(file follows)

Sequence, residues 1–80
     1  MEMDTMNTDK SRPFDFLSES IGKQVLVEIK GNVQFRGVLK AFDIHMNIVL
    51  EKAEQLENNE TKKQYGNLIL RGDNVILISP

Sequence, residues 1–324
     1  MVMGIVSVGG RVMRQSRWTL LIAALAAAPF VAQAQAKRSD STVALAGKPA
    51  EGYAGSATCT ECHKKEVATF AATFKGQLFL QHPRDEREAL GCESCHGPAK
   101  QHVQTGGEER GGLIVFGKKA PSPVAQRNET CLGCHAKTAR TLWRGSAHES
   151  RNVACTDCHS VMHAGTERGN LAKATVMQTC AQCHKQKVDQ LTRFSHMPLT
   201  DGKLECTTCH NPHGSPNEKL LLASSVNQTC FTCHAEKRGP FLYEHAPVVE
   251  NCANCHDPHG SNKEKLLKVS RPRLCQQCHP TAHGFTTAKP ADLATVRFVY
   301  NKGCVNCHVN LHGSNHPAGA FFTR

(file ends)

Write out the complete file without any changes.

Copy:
Sequence, residues 1–80
     1  MEMDTMNTDK SRPFDFLSES IGKQVLVEIK GNVQFRGVLK AFDIHMNIVL
    51  EKAEQLENNE TKKQYGNLIL RGDNVILISP

Sequence, residues 1–324
     1  MVMGIVSVGG RVMRQSRWTL LIAALAAAPF VAQAQAKRSD STVALAGKPA
    51  EGYAGSATCT ECHKKEVATF AATFKGQLFL QHPRDEREAL GCESCHGPAK
   101  QHVQTGGEER GGLIVFGKKA PSPVAQRNET CLGCHAKTAR TLWRGSAHES
   151  RNVACTDCHS VMHAGTERGN LAKATVMQTC AQCHKQKVDQ LTRFSHMPLT
   201  DGKLECTTCH NPHGSPNEKL LLASSVNQTC FTCHAEKRGP FLYEHAPVVE
   251  NCANCHDPHG SNKEKLLKVS RPRLCQQCHP TAHGFTTAKP ADLATVRFVY
   301  NKGCVNCHVN LHGSNHPAGA FFTR